Some publications will have content and attributes that need to appear on every page. Learn how to create and implement master pages for recurring content and design.
- When working with publications here in Publisher, especially those with multiple pages, if you ever find yourself adding elements to a page, and then going to another page and realizing you want those same elements there, and maybe even on all the pages in your publication, it can be a tedious and repetitive process. A better option is to use a shortcut we're going to explore in this movie. It's called the master pages. And we're going to do it with our HP brochure publication 0601, if you're catching up. We're on page two. Let's say, for example, using this three-panel template, we want to put a physical vertical line in between the panels. That'll add a nice touch. And then we'd have to go to the next page and repeat the process if we wanted it to be consistent. Instead, we can add it to the master page, and then have the master page apply to any or all of our pages. To access master pages, we go up here to Page Design, way over here to the right, you'll see Master Pages. It's a drop-down, give it a click. And you'll see we get a default master page, labeled Master Page A. We have the opportunity here to choose None, and not use any master pages on the page we're looking at in our publication. And we can add additional master pages if we want to as well. They'll automatically be labeled Master Page B, C, D, etc. How do we do that? We go down to Edit Master Pages. Ctrl+M is your keyboard shortcut to switch over to the master page view. Check out the ribbon. We're on the Master Page tab that has appeared. And as you can see, the template, which is our three-panel brochure, has no content. Anything we add here can appear on every page in our publication. We only have to add it once to the master though. So let's say we did want those vertical lines. Well, we'd go to the Insert tab. We'll go down to Shapes. We'll choose the straight line. That's the first line here in the Lines group. Go ahead. Now we simply draw it. I'm going to start near the top in between panels one and two. Hold down the Shift key if you want to keep it perfectly straight and vertical. And as we get close to the bottom, I'll release the mouse first, and then my Shift key. Notice the line is still selected, so we can do things like change its color. Let's go to Shape Outline, and choose a nice dark green that matches our publication, like Accent 3 or maybe even Accent 3 the RGB color you can see Darker 50%. I'm going to go with that one. Now we want one over here as well, but since this is already created and still selected, we can use the keyboard shortcut Ctrl+C to copy it, Ctrl+V to paste the copy, and now just simply click and drag to move it over. We'll go in between and then we'll move it up and down until we see those alignment guides appear to tell us that they're perfectly aligned. And release. There we go. Click in the background. We've now made changes to our master. Now if we want, we can use this master on any or all of the pages in our publication. We can apply them from here. You'll see an Apply To drop-down. We can apply to all pages or just the current page. But let's close master page here by clicking on the close button, which takes us back now to our publication, and check it out, it's automatically applied to our master, and in the background we see that here in our publication. Now if we go back to Page Design, and over to Master Pages, you can see Master Page A is what's being used by default. And that's why we see those lines. Now if we didn't want them, let's say, on the inside, we could go to page two if you're not already there, go to the Master Pages drop-down, and choose None. Notice those lines disappear. But if we go back to page one, they are still there. But if we want them on page two, we go back there to Master Pages, and choose Master Page A. Let's go back up to Master Pages now, and go down to Edit Master Pages, because you'll notice there's also the ability to add a master page. Go ahead and click Add Master Page. It's automatically ID-ed as master page B. We can change the description. How about three-panel alternate as the description? And click OK. Now you can see what that looks like. It's just a plain old page. Anything we do here can be applied to any of the pages in our brochure. For example, this was the outside pages, we could do something like a border around the outside. That would mean going to Insert, back to Shapes, choosing the rectangle, for example. I'm going to go just outside the margins so I know that I'm not going to effect any of the content that might appear in my publication already or anything that will be added inside the margins. And I'll choose a different outline. I'll go to this colored outline, Accent 1. You can see what that looks like. Let's see what that checks out like by going back to the master page, and we'll close our master page, and now let's go to page one, and change from Master Page A to B by going to Page Design up here at the top, to Master Pages, we'll choose this three-panel alternate. You can see we get the border all the way around the outside. Cool stuff. You can see, when you're working with publications, especially publications with multiple pages, think of the newsletter that might have many pages. Anything that needs to appear on more than one page can be added to a master, and you simply apply the master to your publication to save you a lot of time and a lot of effort.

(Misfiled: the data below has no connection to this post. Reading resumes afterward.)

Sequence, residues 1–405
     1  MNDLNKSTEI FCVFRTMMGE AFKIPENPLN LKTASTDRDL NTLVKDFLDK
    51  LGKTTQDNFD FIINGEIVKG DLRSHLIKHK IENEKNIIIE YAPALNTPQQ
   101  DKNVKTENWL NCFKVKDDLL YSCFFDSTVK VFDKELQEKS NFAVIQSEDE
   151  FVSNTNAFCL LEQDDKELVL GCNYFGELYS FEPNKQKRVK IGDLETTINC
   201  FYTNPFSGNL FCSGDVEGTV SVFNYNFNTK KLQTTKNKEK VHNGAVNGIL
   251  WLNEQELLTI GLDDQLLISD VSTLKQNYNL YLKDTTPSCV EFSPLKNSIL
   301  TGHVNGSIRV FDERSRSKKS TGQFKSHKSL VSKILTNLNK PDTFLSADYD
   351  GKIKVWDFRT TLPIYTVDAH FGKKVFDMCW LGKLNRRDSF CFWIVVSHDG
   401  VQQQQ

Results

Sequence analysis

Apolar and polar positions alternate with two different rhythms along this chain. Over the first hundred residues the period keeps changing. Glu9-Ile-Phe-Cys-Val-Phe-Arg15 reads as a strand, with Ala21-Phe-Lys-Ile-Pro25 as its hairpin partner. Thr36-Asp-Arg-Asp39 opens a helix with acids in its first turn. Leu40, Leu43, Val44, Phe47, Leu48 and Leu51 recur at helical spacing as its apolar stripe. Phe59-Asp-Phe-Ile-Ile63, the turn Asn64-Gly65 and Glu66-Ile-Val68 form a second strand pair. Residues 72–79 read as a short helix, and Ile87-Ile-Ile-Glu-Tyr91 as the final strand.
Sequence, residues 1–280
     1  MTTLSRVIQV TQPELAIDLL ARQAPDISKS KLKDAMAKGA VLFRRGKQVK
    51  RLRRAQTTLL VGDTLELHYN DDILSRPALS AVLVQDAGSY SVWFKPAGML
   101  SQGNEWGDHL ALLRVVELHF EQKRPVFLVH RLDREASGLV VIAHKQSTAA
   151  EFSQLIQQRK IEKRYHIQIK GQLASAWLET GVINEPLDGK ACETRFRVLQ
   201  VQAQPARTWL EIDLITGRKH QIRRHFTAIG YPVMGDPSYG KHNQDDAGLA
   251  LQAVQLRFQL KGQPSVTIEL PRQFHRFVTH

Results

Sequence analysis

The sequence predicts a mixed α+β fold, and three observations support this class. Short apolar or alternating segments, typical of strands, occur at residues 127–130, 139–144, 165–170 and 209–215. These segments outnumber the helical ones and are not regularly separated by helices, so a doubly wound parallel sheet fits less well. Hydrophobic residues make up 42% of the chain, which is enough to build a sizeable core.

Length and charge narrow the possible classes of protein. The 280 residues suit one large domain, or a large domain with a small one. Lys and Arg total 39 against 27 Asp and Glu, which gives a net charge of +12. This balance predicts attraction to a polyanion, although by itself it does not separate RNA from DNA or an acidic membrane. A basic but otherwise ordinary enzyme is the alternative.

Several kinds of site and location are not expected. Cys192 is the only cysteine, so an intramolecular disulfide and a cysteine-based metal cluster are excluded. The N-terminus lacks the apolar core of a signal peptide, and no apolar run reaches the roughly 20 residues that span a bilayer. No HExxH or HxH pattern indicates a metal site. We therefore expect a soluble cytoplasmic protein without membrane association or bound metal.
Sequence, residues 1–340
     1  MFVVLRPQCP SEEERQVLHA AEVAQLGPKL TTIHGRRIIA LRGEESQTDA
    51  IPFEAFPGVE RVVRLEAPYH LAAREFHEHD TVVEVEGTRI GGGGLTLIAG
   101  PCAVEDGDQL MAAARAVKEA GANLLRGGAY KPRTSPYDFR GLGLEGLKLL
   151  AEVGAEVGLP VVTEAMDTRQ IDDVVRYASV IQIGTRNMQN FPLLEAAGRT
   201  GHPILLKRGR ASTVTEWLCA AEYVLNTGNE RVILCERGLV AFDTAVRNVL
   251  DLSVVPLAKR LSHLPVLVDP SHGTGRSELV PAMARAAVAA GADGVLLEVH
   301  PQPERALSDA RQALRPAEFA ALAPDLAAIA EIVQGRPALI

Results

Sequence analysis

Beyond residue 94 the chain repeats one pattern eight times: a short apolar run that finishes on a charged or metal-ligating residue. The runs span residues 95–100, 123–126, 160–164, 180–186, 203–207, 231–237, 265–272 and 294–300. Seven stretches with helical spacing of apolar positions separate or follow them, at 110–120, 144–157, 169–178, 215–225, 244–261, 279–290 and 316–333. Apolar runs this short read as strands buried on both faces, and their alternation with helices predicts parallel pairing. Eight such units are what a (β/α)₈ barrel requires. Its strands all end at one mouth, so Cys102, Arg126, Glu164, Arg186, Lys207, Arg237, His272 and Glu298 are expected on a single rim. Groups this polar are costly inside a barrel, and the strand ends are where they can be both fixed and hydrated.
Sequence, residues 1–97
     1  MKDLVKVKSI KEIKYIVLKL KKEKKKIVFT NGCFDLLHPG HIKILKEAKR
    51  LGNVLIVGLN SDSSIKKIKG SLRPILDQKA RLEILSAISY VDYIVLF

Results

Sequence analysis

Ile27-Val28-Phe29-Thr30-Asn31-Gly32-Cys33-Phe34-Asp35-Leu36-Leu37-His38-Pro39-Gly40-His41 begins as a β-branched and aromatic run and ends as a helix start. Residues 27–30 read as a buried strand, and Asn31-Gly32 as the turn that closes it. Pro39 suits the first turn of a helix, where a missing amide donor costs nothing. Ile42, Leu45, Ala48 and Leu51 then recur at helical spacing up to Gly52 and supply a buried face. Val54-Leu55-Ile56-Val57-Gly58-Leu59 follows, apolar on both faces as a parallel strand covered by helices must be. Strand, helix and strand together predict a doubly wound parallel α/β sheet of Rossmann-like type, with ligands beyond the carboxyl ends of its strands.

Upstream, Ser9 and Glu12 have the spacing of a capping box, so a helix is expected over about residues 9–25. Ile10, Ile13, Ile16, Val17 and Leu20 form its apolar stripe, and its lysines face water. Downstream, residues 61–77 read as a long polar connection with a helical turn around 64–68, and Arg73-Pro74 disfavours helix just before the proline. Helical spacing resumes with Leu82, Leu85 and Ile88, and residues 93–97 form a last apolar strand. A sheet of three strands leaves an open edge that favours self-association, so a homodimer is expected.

- Starting a new document
- Working with text
- Working with objects
- Working with graphics
- Working with tables
- Customizing layout and design
- Printing and sharing publications